As always I look at Clarence Thomas’ opinions and have not found myself in disagreement.
(c) The dissents’ objections are addressed and rejected. Pp. 41–44.
JUSTICE THOMAS agreed that the Fourteenth Amendment makes the Second Amendment right to keep and bear arms that was recog-nized in District of Columbia v. Heller, 554 U. S. ___, fully applicable to the States. However, he asserted, there is a path to this conclusion that is more straightforward and more faithful to the Second Amendment’s text and history. The Court is correct in describing the Second Amendment right as “fundamental” to the American scheme of ordered liberty, Duncan v. Louisiana, 391 U. S. 145, 149, and “deeply rooted in this Nation’s history and traditions,” Washington v. Glucksberg, 521 U. S. 702, 721. But the Fourteenth Amendment’s Due Process Clause, which speaks only to “process,” cannot imposethe type of substantive restraint on state legislation that the Court asserts. Rather, the right to keep and bear arms is enforceable against the States because it is a privilege of American citizenship recognized by §1 of the Fourteenth Amendment, which provides, inter alia: “No State shall make or enforce any law which shall abridge the privileges or immunities of citizens of the United States.” In inter-preting this language, it is important to recall that constitutional provisions are “ ‘written to be understood by the voters.’ ” Heller, 554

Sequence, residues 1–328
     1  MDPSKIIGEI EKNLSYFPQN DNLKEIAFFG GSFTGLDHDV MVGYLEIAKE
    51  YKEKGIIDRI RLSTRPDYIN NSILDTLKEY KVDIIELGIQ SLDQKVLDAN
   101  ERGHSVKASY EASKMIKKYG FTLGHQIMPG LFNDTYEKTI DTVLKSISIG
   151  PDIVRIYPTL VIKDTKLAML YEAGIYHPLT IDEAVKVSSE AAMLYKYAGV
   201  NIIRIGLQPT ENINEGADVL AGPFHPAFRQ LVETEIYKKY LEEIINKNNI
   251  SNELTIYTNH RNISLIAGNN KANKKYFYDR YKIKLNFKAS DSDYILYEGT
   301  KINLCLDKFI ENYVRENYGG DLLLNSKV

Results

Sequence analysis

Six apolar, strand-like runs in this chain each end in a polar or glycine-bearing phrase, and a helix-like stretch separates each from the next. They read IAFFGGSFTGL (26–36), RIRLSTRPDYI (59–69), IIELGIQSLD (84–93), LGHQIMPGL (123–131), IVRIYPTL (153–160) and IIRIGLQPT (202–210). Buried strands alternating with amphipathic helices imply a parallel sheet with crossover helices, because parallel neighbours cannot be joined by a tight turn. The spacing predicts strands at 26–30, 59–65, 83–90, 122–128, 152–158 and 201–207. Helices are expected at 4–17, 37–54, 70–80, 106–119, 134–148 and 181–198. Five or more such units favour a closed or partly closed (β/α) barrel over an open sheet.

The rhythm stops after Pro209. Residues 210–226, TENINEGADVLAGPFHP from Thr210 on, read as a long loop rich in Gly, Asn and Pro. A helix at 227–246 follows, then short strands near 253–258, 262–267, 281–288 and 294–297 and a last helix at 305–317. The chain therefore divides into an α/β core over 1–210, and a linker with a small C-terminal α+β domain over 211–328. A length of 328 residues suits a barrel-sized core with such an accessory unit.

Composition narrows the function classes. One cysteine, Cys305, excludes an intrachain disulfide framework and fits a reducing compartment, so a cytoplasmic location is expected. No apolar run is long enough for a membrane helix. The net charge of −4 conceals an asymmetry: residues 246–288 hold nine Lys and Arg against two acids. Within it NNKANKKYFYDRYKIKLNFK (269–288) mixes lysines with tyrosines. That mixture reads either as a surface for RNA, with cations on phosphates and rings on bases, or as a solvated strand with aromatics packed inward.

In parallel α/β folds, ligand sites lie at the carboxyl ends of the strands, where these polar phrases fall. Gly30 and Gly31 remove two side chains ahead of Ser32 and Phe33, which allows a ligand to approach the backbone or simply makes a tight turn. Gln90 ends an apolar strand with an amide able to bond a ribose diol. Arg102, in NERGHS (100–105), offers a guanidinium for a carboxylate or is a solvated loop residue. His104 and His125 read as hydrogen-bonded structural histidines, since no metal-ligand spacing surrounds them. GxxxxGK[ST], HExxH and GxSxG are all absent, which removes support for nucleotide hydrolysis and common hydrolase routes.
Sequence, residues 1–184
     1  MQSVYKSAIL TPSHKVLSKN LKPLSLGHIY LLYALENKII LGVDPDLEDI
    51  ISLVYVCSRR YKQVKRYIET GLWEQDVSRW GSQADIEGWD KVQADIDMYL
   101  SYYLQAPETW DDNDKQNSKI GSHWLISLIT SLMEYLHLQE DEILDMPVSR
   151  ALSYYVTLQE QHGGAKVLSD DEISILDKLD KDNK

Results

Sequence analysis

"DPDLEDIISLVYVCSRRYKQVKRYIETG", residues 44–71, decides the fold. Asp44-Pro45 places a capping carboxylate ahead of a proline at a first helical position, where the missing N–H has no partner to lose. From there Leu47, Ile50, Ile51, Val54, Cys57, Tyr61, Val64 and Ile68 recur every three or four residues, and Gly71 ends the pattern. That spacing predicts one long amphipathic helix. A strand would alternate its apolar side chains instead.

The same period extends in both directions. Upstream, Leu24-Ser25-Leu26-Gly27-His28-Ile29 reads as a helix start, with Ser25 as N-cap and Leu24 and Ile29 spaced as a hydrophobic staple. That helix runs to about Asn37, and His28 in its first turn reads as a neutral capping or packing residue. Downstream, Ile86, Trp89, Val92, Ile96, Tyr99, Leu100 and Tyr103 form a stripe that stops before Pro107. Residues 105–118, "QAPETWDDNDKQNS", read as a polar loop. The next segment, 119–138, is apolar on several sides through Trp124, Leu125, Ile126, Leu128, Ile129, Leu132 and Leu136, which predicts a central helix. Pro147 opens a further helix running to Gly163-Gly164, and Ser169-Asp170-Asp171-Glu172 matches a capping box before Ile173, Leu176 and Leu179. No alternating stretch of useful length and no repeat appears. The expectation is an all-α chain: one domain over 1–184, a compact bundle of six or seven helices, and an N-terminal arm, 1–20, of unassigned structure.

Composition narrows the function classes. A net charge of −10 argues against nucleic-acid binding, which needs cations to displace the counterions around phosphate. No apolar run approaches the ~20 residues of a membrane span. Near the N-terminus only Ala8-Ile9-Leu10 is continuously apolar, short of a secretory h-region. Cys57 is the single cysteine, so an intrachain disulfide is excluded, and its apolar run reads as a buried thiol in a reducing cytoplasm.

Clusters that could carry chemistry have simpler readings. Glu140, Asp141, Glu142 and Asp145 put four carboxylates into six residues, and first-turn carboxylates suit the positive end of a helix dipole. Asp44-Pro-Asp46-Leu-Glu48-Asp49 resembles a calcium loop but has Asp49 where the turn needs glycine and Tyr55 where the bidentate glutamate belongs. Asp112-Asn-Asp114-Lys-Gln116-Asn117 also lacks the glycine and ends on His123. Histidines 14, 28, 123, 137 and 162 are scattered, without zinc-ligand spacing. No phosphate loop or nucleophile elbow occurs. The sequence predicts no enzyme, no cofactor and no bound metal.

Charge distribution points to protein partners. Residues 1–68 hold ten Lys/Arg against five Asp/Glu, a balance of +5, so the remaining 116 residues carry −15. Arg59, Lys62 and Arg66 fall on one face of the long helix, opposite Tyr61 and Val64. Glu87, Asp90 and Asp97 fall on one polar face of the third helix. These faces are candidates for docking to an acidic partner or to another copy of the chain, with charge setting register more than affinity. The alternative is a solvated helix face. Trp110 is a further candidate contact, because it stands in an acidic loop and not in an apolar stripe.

U. S., at ___. The objective of this inquiry is to discern what “ordi-nary citizens” at the time of the Fourteenth Amendment’s ratificationwould have understood that Amendment’s Privileges or ImmunitiesClause to mean. Ibid. A survey of contemporary legal authorities plainly shows that, at that time, the ratifying public understood the Clause to protect constitutionally enumerated rights, including the right to keep and bear arms. Pp. 1–34.
this waas found at www.supremecourt.gov